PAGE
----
## Abstract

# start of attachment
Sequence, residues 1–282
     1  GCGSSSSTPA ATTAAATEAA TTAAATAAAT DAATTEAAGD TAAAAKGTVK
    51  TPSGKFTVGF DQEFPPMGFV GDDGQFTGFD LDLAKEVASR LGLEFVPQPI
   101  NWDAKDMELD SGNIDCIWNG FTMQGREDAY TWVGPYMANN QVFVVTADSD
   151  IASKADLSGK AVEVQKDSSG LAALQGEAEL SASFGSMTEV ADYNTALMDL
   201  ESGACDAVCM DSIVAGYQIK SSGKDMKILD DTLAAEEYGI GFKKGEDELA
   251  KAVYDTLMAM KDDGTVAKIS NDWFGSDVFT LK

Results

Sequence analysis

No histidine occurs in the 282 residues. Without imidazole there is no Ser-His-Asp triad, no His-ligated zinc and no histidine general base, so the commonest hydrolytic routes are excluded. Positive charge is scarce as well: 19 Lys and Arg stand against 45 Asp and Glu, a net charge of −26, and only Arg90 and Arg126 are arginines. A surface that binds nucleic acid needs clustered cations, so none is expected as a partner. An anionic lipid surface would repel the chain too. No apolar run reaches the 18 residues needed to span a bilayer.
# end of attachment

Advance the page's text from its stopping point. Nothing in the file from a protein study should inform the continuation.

The rate of inversion of sucrose by strong acids has been measured at 24$\cdot $7 degrees C by a method which eliminated the mutarotation lag and the end-point uncertainty. The rate was proved to be strictly first order for at least 54 hr. and the first-order rate constant was determined with an internal consistency better than 1%. In 0$\cdot $1 M hydrochloric acid the first-order rate constant k$_{1}$ is linear in S, the number of grams of sucrose in a litre, according to the formula k$_{1}\times $ 10$^{4}$/min.$^{-1}$ = 7$\cdot $13 + 0$\cdot $97 $\times $ 10$^{-2}$S. For sucrose at 30 g./l. hydrolysed by single strong acids at molarities up to 0$\cdot $2, the first-order rate constant k$_{1}$ is related to the molarity c of strong acids by the formula k$_{1}$/min.$^{-1}$ = 6$\cdot $95 $\times $ 10$^{-3}$c $\times $ 10$^{B_{j}c_{j}}$, where B$_{j}$ is a constant determined by the anion as follows: Cl$^{-}$, 0$\cdot $28; Br$^{-}$, 0$\cdot $35; ClO$_{4}^{-}$, 0$\cdot $38; NO$_{3}^{-}$, 0$\cdot $30. In similar experiments with mixed strong acids or a strong acid with the addition of a neutral uni-univalent salt, the experimental results can be expressed by the formula k$_{1}$/min.$^{-1}$ = 6$\cdot $95 $\times $ 10$^{-3}$c$_{\text{H}}$ $\times $ 10$^{\Sigma B_{j}c_{j}}$, where c$_{\text{H}}$ denotes the molarity of strong acids and c$_{j}$ the molarity of each anion. Each B$_{j}$ has the same value as in the formula for single acids. This formula is in accordance with Bronsted's principle of specific interaction. In experiments on solutions containing bi-univalent and tri-univalent salts there is a further small negative salt effect of the multivalent cations increasing with their valency. This effect indicates that the principle of specific interaction becomes detectably inaccurate at these higher ionic strengths. Our results are compared with those of other workers. On the whole there is good agreement within the experimental accuracy of the various data. Certain discrepancies in absolute values of the rates are probably attributable to uncertainties of 0$\cdot $1 degrees C or less in the temperature.

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